To my ears, Miles, you guys seem to dabble into a little bit of Latin jazz vibe on the album opening instrumental “Dabbington.” Am I off base there of am I in the ballpark?
Oh yeah, we just have so many different influences cuz we have eight guys in the band now. Those guys grew up listening to a lot of jazz and different things and a lot of times it comes out in the horn line. “Dabbington” in general, the instrumental, I love it. I mean coming right out of the gate, it kind of throws a curveball to someone, like, oh damn, this is the kind of record this is gonna be?
Yeah, definitely. The album has 14 tracks. The song that sits right about at the halfway point of your record is simply titled “F**k You.” It’s 2:11 of a kind of metalfest. Who or what was the catalyst for channeling your inner Motorhead on that song?
Well I mean Slightly Stoopid started out as a punk rock band, so it’s something that, for the last couple records we haven’t really been putting punk on them just cuz they’ve been more jammy records or whatever. So we just thought it would be kind of fitting to come back to our roots a little bit and throw one in there and shake it up. Obviously punk rock is not for everybody but we still love it, we grew up listening to it, it was a big part of our lives just in general, so it was cool to throw it in there. And it kinda says it off the title, you know just the madness of the world, like F**K YOU, you know (laughs). Sometimes you just have to say it and it feels good, you know what I mean?
Yeah. It creates a great balance of stuff. And speaking of balance, “Guns in Paradise” is a standout song. Again, I love the Latin flavor of it. Talk a little bit about that one.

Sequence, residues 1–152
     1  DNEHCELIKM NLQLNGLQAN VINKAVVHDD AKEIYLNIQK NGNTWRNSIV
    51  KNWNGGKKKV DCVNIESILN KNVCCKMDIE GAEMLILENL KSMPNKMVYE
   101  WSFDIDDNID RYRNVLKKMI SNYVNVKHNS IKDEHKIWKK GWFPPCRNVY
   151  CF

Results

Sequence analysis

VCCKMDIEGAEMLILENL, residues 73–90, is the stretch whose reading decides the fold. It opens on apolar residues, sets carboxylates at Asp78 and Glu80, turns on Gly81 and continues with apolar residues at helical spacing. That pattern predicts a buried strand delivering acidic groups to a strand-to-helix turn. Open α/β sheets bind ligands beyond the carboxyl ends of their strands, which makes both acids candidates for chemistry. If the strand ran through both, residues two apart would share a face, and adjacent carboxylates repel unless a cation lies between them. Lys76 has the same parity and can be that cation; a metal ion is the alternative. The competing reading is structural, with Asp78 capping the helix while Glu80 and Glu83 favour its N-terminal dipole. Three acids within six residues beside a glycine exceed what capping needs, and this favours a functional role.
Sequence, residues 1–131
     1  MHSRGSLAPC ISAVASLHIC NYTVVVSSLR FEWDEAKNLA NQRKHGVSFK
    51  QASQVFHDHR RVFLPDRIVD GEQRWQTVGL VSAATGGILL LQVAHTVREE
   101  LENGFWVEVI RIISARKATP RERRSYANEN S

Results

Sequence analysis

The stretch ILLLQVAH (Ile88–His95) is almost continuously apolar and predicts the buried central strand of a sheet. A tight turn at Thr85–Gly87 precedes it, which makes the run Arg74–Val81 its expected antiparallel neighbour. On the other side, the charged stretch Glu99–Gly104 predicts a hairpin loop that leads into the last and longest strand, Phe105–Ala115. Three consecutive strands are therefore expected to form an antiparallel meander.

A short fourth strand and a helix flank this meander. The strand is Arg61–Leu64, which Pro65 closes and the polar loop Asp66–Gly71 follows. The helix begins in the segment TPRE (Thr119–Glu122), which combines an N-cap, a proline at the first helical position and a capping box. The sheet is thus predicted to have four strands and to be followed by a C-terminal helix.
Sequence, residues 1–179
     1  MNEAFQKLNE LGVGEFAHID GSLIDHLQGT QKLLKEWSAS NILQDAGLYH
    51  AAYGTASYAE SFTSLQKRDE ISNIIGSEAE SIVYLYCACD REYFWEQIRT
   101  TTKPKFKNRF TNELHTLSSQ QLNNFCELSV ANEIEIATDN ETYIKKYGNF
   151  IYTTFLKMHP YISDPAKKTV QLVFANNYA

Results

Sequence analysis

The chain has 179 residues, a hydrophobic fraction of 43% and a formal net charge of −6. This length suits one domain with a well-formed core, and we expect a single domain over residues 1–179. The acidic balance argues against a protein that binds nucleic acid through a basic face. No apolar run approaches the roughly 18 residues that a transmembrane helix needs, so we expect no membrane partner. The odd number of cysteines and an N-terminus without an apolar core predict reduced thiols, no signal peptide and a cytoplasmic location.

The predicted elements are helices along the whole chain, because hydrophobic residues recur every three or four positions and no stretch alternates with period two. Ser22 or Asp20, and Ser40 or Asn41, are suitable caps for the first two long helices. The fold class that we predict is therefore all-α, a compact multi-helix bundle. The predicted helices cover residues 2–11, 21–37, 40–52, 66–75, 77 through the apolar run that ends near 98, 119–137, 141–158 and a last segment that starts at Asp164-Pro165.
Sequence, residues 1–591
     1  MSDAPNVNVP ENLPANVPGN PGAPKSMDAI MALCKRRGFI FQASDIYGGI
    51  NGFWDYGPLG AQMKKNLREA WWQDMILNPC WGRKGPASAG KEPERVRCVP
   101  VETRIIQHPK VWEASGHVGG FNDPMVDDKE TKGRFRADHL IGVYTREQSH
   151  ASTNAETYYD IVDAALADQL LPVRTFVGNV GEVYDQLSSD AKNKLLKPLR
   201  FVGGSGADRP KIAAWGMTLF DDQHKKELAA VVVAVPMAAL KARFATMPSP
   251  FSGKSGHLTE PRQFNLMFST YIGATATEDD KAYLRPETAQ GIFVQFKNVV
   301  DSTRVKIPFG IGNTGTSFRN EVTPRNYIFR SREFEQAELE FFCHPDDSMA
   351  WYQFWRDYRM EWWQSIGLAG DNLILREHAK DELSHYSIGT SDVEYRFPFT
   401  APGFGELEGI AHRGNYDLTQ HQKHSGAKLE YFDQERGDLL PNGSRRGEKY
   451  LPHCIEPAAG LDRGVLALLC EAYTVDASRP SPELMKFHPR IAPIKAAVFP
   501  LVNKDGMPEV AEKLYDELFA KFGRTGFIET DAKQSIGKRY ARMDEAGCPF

Kyle actually wrote that song and we actually did a Spanish version of it. When you download the album on iTunes you get the Spanish version of it, too. It was pretty cool to do. We weren’t sure which one to put on the record, just cuz they both sounded sick. That’s one of my favorite songs on the record.
Yeah, that one’s the one I’ve had on repeat the most. I kind of go back to it quite a bit. And speaking of going back, let me take you back to when it all started for you. Did you have that proverbial Beatles on Ed Sullivan, big bang musical moment, or was it a progression of things that looking back now you can say that was it. That was the jumping off point?
Honestly, like before we even started playing guitars – I think we were like 12, 12 and 11 or something like that – back in the day when MTV use to show music videos, we were watching the Motley Crue “Girls, Girls, Girls” video and, I’m not even lying, we were like, ‘Dude, we wanna do this. This looks so killer. Let’s just start playing guitar.’ So we literally just started playing guitars and started a band. I think we were like 15 and 16 when we started Slightly Stoopid; it was probably like ’93, ’94. We were playing like house parties. You don’t ever think that you could make a career out of playing. And then we started playing clubs like Soma in San Diego where bands like Sprung Monkey, Sublime, Pennywise, Unwritten Law and Blink-182 played before they blew up. And as soon as we graduated high school we got in a ’81 Dodge van with holes in the roof and hit the road, you know what I mean? We got out there and had fun.